First collisions in ATLAS

23 November 2009 | By

A collision event. (Image: Claudia Marcelloni/ATLAS Experiment)

A few days ago, loud cheers and happy faces filled the ATLAS Control Room while the whole detector lit up: protons are back at the experiment's door, and everybody forgot in a second the long year of waiting for the Large Hadron Collider (LHC) to resume operation.

Today, everybody was confidently expecting the LHC to start colliding beams after only a weekend of tuning. And indeed, the very first collisions at 0.9 TeV total energy have been observed in ATLAS, greeted by a less explosive joy but by a deeper emotion: this is the first time ever that we see real - not simulated - particle tracks spreading out from the interaction point in the middle of the detector.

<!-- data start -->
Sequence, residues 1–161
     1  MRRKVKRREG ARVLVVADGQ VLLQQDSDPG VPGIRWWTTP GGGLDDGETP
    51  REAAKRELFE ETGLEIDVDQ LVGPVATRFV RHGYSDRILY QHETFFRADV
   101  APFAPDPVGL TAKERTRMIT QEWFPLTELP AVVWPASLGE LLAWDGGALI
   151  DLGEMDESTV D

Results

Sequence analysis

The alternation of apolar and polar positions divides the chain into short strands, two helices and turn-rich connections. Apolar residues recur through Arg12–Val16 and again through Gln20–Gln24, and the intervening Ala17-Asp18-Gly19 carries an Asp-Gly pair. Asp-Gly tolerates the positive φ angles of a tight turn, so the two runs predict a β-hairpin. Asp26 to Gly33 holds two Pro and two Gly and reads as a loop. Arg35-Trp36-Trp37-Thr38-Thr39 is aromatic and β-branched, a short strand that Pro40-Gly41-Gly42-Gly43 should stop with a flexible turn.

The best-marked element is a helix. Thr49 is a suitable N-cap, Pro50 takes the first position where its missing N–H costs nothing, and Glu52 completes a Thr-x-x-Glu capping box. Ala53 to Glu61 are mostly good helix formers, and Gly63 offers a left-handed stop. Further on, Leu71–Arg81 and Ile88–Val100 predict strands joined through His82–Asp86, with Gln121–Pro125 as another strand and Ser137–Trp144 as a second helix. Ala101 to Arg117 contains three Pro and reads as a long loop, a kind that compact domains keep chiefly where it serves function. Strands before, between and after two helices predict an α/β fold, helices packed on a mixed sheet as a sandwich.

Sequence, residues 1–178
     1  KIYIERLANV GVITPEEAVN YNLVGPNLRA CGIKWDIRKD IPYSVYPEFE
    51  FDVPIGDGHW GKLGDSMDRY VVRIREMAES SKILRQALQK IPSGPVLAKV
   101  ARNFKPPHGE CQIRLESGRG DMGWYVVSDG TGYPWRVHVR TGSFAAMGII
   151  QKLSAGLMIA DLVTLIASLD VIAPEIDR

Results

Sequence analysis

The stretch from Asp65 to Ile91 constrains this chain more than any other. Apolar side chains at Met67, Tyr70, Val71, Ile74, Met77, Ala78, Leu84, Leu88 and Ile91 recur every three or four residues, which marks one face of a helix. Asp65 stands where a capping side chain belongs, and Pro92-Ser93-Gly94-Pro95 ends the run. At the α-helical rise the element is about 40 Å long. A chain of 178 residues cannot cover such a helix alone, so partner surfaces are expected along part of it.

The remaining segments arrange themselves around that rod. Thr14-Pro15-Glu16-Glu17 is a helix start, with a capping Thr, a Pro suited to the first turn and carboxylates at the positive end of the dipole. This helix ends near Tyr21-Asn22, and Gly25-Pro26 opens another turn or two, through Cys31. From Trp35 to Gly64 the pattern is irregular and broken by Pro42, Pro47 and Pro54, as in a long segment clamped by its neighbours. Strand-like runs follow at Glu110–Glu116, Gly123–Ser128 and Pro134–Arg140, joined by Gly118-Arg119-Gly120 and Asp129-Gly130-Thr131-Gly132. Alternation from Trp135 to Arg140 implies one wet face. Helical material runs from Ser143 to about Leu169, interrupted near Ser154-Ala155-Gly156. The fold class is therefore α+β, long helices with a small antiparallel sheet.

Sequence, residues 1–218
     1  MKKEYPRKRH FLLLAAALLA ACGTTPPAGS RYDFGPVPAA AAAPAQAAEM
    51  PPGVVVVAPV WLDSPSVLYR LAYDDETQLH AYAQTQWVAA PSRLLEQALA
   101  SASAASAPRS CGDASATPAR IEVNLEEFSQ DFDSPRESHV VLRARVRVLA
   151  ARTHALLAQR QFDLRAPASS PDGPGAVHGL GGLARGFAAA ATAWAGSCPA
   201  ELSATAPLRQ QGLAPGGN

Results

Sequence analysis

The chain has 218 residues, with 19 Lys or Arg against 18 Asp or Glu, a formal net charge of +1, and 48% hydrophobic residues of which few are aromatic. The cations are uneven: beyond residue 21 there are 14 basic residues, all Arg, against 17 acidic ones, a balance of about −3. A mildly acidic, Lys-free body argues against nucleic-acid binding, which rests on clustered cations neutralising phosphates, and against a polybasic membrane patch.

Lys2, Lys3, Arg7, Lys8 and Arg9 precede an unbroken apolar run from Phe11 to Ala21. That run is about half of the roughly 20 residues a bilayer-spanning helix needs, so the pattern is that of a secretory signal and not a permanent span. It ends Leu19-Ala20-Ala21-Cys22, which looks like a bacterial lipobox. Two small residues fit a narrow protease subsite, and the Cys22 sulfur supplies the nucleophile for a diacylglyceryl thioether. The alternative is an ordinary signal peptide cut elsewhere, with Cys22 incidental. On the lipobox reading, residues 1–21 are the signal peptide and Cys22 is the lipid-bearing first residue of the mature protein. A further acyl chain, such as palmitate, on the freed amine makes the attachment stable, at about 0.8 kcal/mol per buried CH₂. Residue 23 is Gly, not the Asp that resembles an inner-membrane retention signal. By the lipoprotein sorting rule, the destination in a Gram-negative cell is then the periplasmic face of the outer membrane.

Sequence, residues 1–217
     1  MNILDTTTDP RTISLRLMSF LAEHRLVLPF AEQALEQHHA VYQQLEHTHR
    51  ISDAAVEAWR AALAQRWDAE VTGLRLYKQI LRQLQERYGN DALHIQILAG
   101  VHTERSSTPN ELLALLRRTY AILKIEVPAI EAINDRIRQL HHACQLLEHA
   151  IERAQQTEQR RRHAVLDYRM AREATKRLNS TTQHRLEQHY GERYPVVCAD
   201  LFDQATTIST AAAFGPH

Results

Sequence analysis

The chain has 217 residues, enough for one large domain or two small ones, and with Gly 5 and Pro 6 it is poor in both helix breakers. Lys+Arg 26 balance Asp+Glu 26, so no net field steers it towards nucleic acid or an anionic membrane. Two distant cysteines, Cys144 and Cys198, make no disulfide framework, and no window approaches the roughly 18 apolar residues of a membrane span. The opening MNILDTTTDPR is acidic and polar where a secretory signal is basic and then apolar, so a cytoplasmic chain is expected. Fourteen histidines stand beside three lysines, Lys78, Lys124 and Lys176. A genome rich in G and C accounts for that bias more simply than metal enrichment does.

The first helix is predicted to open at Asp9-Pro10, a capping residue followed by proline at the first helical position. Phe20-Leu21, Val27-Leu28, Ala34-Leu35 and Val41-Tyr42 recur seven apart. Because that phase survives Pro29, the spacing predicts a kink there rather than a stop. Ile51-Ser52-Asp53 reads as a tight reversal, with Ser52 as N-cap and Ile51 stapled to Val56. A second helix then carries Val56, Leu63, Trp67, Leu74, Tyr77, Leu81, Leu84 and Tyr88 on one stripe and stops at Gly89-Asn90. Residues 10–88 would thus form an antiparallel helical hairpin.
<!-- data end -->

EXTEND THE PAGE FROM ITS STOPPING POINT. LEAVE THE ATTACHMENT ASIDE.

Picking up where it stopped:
"This is great news, the start of a fantastic era of physics and hopefully discoveries after 20 years' work by the international community to build a machine and detectors of unprecedented complexity and performance," said ATLAS spokesperson, Fabiola Gianotti.

ATLAS,beam,lhcfirstphysics,LHCFirstPhysics,control room,splash,restart,Best,First collisions,Collaboration,Outreach,General,milestones,physics,Site
Excitement in the Control Room. (Image: Claudia Marcelloni/ATLAS Experiment)
ATLAS,beam,lhcfirstphysics,LHCFirstPhysics,control room,splash,restart,Best,First collisions,Collaboration,Outreach,General,milestones,physics,Site
ATLAS leader Fabiola Gianotti congratulating LHC head Steve Myers and his team in the LHC Control Room (Image: Claudia Marcelloni/ATLAS Experiment)

November's "launch" of the LHC is similar to launching a rocket to Mars with a rover. The excitement on launch day is very high, but the science will begin a few months later when the rover lands and even then it takes some time to collect data.

ATLAS won't be roving through physics for some time, but the champagne cheers reflected the excitement of the launch. (See photos of the ATLAS control room scenes.)

Collisions at an energy of 7 TeV are expected in March 2010.